Monday, November 10, 2014

Review: Geoffrey Zakarian's My Perfect Pantry: 150 Recipes from 50 Essential Ingredients

I'm a fan of Food Network.  You'll often find it tuned on the television in our home on any given evening.  I have a love/hate relationship with many of the hosts who appear on the shows and game shows featured on the network.  It often depends which side of the table they are on.  If they're hosting or judging I like the stars I consider the most fair and who have the best advice to offer the aspiring chefs.  Geoffrey Zakarian is often a judge on Chopped which is a favorite show of mine.  He isn't afraid to tell a chef the food they made is terrible, but he tempers it with suggestions of what they could do to improve if they move forward in the game.  As an Iron Chef he displays a wonderful imagination and always comes up with creative uses for the theme ingredients and is very competitive and fun to watch as a contestant as well.  I was happy to have the chance to review this cookbook by Chef Zakarian because I really enjoy watching him in his roles as a competitor and as a judge/mentor and I was sure I would find his advice on stocking a kitchen pantry helpful.

My Perfect Pantry: 150 Easy Recipes from 50 Essential Ingredients by Geoffrey Zakarian (with Amy Stevenson and his wife Margaret Zakarian) begins with a list of essential spices and flavorings it is helpful to have on hand in any kitchen.  Of the list I was happy to see I had 16 of the 19 on hand, and one (kosher salt) was something I just had run out of and hadn't replaced yet.  I felt like I was off to a good start since whole cloves and celery salt weren't everyday staples in our kitchen, but the rest of the items (like garlic powder, cumin and vanilla extract) were all spices I was comfortable using.  This was a short list that made up the "ground floor" of the flavors in several recipes and that were used often in the book.

The list of 50 essential ingredients was accompanied by a page number where you found all kinds of helpful information and tips about each item in his perfect pantry.  It included how long you could store the item, if it needed to be refrigerated after it was opened, and often a brief history of the food or condiment and where it originated.  Chef Zakarian is also great at letting you know his preferred form of the ingredient and the reason behind his choice.  For example, he suggests using tuna that is packed in olive oil to compliment its flavor and to use canned chick peas and black beans rather than the dried versions to save time and effort.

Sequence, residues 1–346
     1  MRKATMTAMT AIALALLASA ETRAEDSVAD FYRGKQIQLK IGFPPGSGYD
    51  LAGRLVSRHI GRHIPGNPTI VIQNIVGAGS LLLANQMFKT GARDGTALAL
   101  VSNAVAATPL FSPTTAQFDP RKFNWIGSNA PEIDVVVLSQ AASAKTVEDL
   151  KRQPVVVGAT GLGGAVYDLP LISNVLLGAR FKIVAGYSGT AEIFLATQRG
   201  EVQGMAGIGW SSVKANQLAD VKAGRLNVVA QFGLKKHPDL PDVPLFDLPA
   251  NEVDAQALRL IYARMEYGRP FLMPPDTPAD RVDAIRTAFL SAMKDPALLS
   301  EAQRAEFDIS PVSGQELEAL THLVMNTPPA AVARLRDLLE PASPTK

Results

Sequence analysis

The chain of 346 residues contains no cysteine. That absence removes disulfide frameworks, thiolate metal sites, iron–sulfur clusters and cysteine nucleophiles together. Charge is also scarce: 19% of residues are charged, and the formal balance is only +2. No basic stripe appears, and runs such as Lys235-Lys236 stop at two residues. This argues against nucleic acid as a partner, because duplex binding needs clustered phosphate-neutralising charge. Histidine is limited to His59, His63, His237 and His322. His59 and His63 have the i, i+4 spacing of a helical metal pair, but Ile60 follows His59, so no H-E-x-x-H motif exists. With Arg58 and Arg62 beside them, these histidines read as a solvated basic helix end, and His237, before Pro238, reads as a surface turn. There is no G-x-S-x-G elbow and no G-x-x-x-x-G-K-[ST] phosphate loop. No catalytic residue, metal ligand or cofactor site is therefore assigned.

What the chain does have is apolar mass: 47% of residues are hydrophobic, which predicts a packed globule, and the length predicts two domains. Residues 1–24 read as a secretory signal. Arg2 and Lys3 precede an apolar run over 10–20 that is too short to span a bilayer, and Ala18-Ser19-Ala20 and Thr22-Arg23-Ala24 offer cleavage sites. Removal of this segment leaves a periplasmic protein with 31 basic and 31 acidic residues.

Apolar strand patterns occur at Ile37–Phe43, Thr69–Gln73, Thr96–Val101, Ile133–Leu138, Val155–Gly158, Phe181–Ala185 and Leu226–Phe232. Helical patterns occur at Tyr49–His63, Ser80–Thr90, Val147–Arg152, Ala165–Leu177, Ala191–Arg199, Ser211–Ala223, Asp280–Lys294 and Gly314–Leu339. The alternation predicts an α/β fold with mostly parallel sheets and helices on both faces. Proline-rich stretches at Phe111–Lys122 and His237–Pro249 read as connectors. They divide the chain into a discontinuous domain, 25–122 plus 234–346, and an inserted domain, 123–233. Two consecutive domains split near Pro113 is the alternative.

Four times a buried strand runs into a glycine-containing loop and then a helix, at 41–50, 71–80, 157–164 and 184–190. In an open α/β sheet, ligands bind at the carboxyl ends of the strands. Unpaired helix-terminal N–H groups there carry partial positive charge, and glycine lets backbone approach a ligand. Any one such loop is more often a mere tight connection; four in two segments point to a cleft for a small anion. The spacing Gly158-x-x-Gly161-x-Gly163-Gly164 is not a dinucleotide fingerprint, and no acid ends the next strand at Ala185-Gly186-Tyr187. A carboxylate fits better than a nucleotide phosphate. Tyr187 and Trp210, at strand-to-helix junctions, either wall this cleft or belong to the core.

Almonds are the pantry staple featured in these pork chops, salmon and bark candy.
I found out tons of facts about the ingredients themselves (cinnamon bark is from an evergreen tree in the laurel family and ketchup was first sold by H.J. Heinz in 1876), and truly appreciated that the accompanying recipes were "very doable even for someone new to cooking" as the author states in his "note to the home cook" at the start of the book.  Most if not all of the recipes seem approachable and there are a few that sounded so incredibly delicious I was sad that I didn't have the fresh produce and proteins needed to make them readily available.  I am sure I will enjoy the almond crusted pork chops with apples, the savory spiced bean dip and the maple brown sugar rice pudding recipes when I make them.  The ingredients are simple and the instructions are precise and easy to understand so I will feel confident trying my hand at them.

Yellow mustard is used in deviled eggs, a sweet vinaigrette and classic New England pot roast. 

Of the 50 ingredients I have 31 waiting to work their magic on my pantry's shelves.  There wasn't a single item that was unfamiliar to me even if I didn't have it at the moment.  Of the 19 I was missing, I can honestly say there were only three I have never purchased.  Those were instant espresso, white wine vinegar (I never knew these existed although I have have instant coffee and rice wine vinegar already which could be substituted for these in a pinch), and anchovies.  I never imagined myself buying these salty fish.  When I was a teenager I worked in a church and helped one of the priests make the most delicious Caesar salad dressing I had ever tasted.  It used whole anchovies in the recipe and I am excited to buy some and try my hand at the dressing that is featured in this book.  I hope it tastes as good as the one I remember, and I am excited that the suggestions will help me to branch out and try new things.  There were also some really unexpected uses of the pantry ingredients.  The gelatin recipes include a meatloaf that relies on the gelatin to give it texture without the use of additional binders.  This and the popcorn soup and ice cream recipes were some of the biggest surprises.  It will be a joy to test these out and be a little adventurous.  There is also a recipe for Chicken Vinegar with cinnamon candies that Zakarian made on an episode of Iron Chef.  I loved that he included these interesting and fun ideas to show the versatility of the pantry ingredients.

I am truly looking forward to shopping for some additional pantry ingredients this week and I am sure Andy will be happy for me to practice my cooking skills on these new recipes.  Thank you to the kind folks at Blogging For Books for providing me with this copy to review.  My husband's belly thanks you in advance!

The same good folks also provided me with a copy of Sweet a cookbook from the editors of the Food Network Magazine to give away.  There's still time to enter if you haven't yet, and if you like to bake as much as I do you won't want to miss your chance.  One reader of my blog will win when you fill out the entry form.  The details are in my previous entry here.  Good luck!

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